- NPS Staff
A Joint Program of the National Park Service and the Central Rappahannock Regional Library
This September, the National Park Service and the Central Rappahannock Regional Library will host a speaker series focusing on various topics related to the history of the National Park Service, which turned 100 years old on August 25.
All programs are free and begin at 7:00. They will be held at Central Rappahannock Regional Library’s Headquarters at 1201 Caroline Street.
The schedule, topics, and presenters are:
September 8 – Kirsten Talken-Spaulding, “The Making of a Park”
Superintendent Kirsten Talken-Spaulding will discuss how a national park is created.
Who decides what's significant and what gets to be a national park? What is involved in adding a unit to the National Park Service? As the first superintendent of Fort Monroe National Monument, Talken-Spaulding will explain how this incredible site became a park.
September 15 – Dr. Timothy B. Smith, "The Golden Age of Battlefield Preservation"
Dr. Timothy B. Smith’s talk is based upon his book by the same title, The Golden Age of Battlefield Preservation: The Decade of the 1890s and the Establishment of America’s First Five Military Parks.
Dr. Smith will first put the Golden Age into the larger context of Civil War battlefield preservation by discussing the various generations of preservation from the war until now. He will also look at the 1890s itself and examine why exactly it was so golden before launching into a discussion of the lasting importance of the Golden Age and its influence on later preservation, even to today, especially incorporating its influence on our own park here at Fredericksburg and Spotsylvania.
September 22 – Dr. Joan Zenzen, “Interpretation: From the CCC to Pokémon Go”
Dr. Joan Zenzen will describe interpretation at the Fredericksburg & Spotsylvania National Military Park over time.
She will discuss the 1930s Civilian Conservation Corps' transformation of the park, Mission 66 additions of the 1950s and 1960s, and more recent challenges resulting from traffic congestion and developments. She will conclude with the effects of Pokémon Go on visitor experience and park management.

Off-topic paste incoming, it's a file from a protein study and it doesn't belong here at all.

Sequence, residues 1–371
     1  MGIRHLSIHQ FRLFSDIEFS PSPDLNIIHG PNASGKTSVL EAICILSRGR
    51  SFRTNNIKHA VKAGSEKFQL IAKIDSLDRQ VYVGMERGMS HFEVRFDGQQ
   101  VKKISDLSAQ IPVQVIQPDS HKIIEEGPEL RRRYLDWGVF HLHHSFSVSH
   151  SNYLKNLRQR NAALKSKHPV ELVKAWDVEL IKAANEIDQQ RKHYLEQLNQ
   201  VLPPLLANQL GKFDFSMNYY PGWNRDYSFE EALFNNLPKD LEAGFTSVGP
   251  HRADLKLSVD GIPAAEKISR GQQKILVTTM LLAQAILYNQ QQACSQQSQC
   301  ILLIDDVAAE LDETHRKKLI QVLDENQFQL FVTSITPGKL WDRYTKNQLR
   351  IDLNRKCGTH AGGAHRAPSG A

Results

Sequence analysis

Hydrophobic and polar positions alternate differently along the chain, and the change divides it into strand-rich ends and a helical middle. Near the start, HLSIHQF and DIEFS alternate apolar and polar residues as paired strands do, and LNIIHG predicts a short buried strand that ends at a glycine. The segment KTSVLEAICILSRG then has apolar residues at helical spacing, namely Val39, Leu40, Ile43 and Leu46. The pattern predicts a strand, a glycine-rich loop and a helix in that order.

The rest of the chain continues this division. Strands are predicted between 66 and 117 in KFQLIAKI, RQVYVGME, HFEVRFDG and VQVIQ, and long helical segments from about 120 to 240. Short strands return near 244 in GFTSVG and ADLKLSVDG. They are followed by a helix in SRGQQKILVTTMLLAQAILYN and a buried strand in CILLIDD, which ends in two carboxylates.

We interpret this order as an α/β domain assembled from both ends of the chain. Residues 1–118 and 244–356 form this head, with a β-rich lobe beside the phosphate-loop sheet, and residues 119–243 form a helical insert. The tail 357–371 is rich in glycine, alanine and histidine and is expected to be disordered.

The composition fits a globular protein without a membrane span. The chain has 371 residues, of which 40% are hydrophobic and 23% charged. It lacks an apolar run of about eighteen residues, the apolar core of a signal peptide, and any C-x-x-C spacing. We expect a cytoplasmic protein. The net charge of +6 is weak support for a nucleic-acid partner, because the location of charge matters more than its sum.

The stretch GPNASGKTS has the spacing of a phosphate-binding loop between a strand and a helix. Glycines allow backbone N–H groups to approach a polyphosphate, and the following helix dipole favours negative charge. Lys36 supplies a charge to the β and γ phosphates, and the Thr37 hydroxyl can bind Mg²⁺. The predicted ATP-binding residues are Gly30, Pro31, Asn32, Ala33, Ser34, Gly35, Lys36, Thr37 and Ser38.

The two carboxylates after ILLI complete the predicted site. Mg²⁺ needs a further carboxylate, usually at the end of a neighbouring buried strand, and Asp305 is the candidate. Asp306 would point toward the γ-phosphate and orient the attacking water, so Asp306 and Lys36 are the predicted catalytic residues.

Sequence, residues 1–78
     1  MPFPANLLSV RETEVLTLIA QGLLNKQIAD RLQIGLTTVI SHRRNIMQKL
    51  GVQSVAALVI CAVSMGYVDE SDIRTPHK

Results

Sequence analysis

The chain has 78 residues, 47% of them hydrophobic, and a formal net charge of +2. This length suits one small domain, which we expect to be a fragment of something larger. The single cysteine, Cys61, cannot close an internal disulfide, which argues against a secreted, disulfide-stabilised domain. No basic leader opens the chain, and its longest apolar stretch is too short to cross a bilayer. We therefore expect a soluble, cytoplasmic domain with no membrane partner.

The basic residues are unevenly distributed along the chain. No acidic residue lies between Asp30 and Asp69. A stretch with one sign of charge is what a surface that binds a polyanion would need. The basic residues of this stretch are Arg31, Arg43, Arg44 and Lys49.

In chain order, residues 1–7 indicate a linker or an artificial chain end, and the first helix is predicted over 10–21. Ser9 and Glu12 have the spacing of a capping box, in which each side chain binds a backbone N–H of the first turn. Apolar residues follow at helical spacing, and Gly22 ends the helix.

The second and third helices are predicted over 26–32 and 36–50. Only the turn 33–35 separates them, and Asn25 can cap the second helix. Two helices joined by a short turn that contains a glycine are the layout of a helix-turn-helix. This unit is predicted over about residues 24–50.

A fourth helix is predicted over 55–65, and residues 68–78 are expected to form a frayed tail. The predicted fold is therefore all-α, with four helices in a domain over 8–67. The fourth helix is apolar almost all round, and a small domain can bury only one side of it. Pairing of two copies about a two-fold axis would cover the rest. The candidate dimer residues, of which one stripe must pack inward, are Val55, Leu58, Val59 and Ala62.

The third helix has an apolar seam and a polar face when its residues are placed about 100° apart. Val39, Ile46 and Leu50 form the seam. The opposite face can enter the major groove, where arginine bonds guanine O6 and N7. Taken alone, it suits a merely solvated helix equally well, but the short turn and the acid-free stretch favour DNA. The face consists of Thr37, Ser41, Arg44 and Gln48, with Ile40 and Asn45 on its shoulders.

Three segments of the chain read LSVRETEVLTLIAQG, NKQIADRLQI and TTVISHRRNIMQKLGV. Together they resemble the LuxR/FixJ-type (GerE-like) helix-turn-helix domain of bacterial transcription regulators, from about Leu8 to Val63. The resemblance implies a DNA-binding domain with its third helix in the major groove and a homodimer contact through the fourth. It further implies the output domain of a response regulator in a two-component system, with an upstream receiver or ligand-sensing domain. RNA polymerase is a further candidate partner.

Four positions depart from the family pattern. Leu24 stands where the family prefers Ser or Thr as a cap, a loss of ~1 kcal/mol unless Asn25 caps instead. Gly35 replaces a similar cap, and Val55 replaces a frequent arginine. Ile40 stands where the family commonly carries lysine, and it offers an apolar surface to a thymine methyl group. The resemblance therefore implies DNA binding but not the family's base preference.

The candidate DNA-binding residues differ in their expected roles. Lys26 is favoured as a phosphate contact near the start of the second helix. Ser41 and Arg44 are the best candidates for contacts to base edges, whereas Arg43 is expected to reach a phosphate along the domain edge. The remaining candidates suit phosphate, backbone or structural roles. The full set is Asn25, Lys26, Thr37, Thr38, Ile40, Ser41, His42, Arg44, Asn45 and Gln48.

September 29 – Dr. Erin Krutko Devlin, "Segregation in the Southern National Parks"
Dr. Erin Krutko Devlin’s "Segregation in the Southern Parks" will explore her research on the evolution of NPS policy in relation to civil rights and illuminate the experience of African American park employees and visitors in the state of Virginia from the 1930s through the 1960s.
In the mid-20th century, Southern national parks were segregated. Restrooms, picnic areas, lodges, lunch counters, and cabins were designated “For White Only” or “For Negro Only.”
About the Speakers:
Kirsten Talken-Spaulding is currently serving as the 15th superintendent of Fredericksburg & Spotsylvania NMP, having just served as the first superintendent of Fort Monroe National Monument, established by President Obama in his first use of the 1906 Antiquities Act on November 1, 2011. Talken-Spaulding began her career in public service with the Virginia State Parks system and has over twenty years of experience in the National Park Service, including leadership positions in parks across the country and the national office. After graduating with a BS from the College of William and Mary, she completed her master’s degree (MDiv) and served in the U.S. Navy reserves.
Dr. Timothy B. Smith is an author/historian and a professor of history at the University of Tennessee at Martin. He has authored numerous books, including Rethinking Shiloh: Myth and Memory; Champion Hill: Decisive Battle for Vicksburg; and This Great Battlefield of Shiloh: History, Memory, and the Establishment of a Civil War National Military Park. His examination of the entire 150-year history of battlefield preservation will be out next year.
Dr. Joan Zenzen is an independent historian who has written extensively about the National Park Service, including official histories of five national parks. Her Battling for Manassas: The Fifty-Year Preservation Struggle at Manassas National Battlefield Park was published by Penn State University Press in 1997, while Fort Stanwix National Monument: Reconstructing the Past and Partnering for the Future was released by State University Press of New York in 2009. Dr. Zenzen completed a history of the Fredericksburg and Spotsylvania National Military Park in 2011, which will be the basis of her talk.
Dr. Erin Krutko Devlin is an Assistant Professor of History and American Studies at the University of Mary Washington. She is the author of a National Park Service cultural resource study focused on segregation at Lewis Mountain in Shenandoah National Park. Her forthcoming book, Remember Little Rock, examines the public memory of the 1957 school desegregation crisis and its relationship to ongoing debates about race, education, and public policy.